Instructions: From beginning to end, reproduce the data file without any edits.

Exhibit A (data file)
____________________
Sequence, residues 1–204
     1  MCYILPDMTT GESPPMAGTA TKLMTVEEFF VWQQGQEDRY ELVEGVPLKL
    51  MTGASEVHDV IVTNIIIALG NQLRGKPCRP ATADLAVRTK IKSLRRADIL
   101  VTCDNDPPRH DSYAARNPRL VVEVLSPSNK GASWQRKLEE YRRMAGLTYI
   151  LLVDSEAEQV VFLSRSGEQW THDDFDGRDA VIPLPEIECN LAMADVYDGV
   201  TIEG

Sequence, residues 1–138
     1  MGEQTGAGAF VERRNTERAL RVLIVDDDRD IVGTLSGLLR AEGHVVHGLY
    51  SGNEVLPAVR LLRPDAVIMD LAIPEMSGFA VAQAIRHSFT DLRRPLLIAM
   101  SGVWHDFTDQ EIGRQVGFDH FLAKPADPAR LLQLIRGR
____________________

Sequence, residues 1–204
     1  MCYILPDMTT GESPPMAGTA TKLMTVEEFF VWQQGQEDRY ELVEGVPLKL
    51  MTGASEVHDV IVTNIIIALG NQLRGKPCRP ATADLAVRTK IKSLRRADIL
   101  VTCDNDPPRH DSYAARNPRL VVEVLSPSNK GASWQRKLEE YRRMAGLTYI
   151  LLVDSEAEQV VFLSRSGEQW THDDFDGRDA VIPLPEIECN LAMADVYDGV
   201  TIEG

Sequence, residues 1–138
     1  MGEQTGAGAF VERRNTERAL RVLIVDDDRD IVGTLSGLLR AEGHVVHGLY
    51  SGNEVLPAVR LLRPDAVIMD LAIPEMSGFA VAQAIRHSFT DLRRPLLIAM
   101  SGVWHDFTDQ EIGRQVGFDH FLAKPADPAR LLQLIRGR